On proportionality in general, Lord Reed’s lengthy discussion of proportionality at paras. 68-82 reflects the majority view. There is an interesting suggestion at para. 82 that Parliament should be taken to be aware of the modern law on proportionality: the reference to proportionality in the statute was taken to import the common law, as developed by reference to English, Canadian and European law (in both its EU and ECHR guises).

Lord Sumption’s conclusion on the substantive challenge was ably questioned by Lord Reed:

  1. Lord Sumption states that other Iranian banks were as likely as Bank Mellat to number entities involved in Iran’s nuclear and ballistic missile programmes amongst their clients. As I have explained, Mr Robertson acknowledged at para 74 of his statement that entities involved in Iran’s nuclear weapons programme could in principle use other Iranian banks. He pointed out however that the order might lead the UK banking sector to wind down business with Iran generally, and that the order would in any event make transactions involving the UK more difficult. That was because it was difficult for Iranian banks to access UK financial markets directly, since UK banks were reluctant to deal with them. The exceptions were the small number of Iranian banks which had UK subsidiaries. Those were Bank Melli, Bank Sepah, Bank Saderat and Bank Mellat. As I have explained, the UK subsidiaries of Bank Melli and Bank Sepah were already subject to asset freezing orders. The order under challenge applied to Persia International Bank plc (“PIB”), which was the UK subsidiary of Bank Mellat. The UK subsidiary of the remaining Iranian bank with such a subsidiary, Bank Saderat, was subject at the time to systematic reporting requirements under Regulation 1110/2008, as I have explained. Subsequent to the making of the order under challenge, it was subjected to an asset freeze.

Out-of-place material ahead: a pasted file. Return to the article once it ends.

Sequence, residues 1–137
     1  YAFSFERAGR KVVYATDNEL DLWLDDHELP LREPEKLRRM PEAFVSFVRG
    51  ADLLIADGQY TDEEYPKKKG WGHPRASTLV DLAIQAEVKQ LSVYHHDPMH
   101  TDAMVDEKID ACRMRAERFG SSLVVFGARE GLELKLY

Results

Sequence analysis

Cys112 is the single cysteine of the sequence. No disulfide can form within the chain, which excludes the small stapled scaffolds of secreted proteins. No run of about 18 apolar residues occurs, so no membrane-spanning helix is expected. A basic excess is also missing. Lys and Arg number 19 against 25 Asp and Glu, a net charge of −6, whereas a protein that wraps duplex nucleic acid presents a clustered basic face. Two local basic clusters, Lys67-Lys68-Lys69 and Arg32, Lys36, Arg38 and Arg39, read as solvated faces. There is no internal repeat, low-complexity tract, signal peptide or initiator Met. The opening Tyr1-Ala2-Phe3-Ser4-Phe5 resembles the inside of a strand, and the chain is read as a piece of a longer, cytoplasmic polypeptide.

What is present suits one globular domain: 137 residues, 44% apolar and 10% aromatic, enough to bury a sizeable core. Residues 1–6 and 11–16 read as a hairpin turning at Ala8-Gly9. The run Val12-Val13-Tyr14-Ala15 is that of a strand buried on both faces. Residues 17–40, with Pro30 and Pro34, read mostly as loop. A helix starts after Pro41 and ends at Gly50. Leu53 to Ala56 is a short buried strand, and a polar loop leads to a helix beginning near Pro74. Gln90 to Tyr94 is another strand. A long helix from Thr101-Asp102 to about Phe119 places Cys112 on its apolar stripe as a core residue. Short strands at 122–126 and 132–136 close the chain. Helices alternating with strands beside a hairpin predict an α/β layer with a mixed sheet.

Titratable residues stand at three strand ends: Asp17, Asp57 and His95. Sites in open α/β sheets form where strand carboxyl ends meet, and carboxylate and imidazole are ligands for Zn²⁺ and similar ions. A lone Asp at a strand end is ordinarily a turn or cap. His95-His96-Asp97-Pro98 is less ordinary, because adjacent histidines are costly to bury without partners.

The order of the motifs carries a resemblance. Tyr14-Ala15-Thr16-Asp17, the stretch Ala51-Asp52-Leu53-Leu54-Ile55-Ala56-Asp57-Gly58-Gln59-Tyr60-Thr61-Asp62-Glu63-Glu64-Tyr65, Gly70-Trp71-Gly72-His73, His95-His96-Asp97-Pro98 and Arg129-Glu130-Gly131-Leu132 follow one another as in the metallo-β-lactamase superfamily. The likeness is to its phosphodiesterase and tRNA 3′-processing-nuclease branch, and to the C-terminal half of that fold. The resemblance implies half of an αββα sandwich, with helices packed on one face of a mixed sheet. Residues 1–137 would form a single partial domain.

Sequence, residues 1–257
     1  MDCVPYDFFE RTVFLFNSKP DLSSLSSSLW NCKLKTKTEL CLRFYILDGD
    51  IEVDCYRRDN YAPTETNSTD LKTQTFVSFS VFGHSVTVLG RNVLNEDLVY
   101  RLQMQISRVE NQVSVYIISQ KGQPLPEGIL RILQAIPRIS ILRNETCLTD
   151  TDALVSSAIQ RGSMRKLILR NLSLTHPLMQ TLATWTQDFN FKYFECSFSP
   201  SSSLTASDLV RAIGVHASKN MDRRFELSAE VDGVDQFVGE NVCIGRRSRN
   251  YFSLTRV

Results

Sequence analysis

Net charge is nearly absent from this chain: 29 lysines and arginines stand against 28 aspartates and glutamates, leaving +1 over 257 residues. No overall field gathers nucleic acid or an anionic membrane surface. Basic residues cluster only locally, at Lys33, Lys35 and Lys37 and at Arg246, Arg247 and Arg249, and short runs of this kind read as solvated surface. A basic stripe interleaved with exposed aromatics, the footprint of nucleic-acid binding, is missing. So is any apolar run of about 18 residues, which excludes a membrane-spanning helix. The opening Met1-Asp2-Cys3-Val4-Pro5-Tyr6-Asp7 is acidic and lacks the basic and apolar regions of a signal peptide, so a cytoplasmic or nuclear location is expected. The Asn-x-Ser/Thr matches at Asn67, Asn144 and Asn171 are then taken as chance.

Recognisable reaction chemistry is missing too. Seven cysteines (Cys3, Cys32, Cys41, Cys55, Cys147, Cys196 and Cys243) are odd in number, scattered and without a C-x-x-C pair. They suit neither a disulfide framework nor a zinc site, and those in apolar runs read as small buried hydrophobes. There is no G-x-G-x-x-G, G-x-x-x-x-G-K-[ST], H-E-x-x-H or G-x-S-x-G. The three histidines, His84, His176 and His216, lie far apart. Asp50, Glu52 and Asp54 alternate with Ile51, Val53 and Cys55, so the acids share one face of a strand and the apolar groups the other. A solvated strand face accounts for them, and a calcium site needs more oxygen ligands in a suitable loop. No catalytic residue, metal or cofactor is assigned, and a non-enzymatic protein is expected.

2. In these circumstances, an order directed specifically against Bank Mellat and its UK subsidiary was far from being pointless or arbitrary. One effect of the order was to prevent the only UK subsidiary of an Iranian bank which was not already subject to controls, namely PIB, from dealing with its parent, Bank Mellat. Lord Sumption notes that PIB was not prevented from dealing with its minority shareholder, Bank Tejarat. There is however nothing to indicate that Bank Tejarat had any involvement with entities involved in the Iranian nuclear weapons programme. If information indicating such involvement were to emerge, no doubt action would be taken. In the event, PIB’s assets were subsequently frozen by Council Regulation (EU) 668/2010, made on 26 July 2010. Although Iranian banks, or Iranian entities involved in the nuclear weapons programme, could in principle seek to use non-Iranian international banks, those could be expected to have compliance mechanisms in place: it was only in relation to Iran that the absence of such mechanisms had caused the FATF to call for preventive measures.

Procedurally, the statutory instrument was also flawed, in the eyes of a majority of the Court, for a failure to give adequate notice to Bank Mellat before the making of the statutory instrument. Lord Neuberger laid out the general principles with admirable clarity: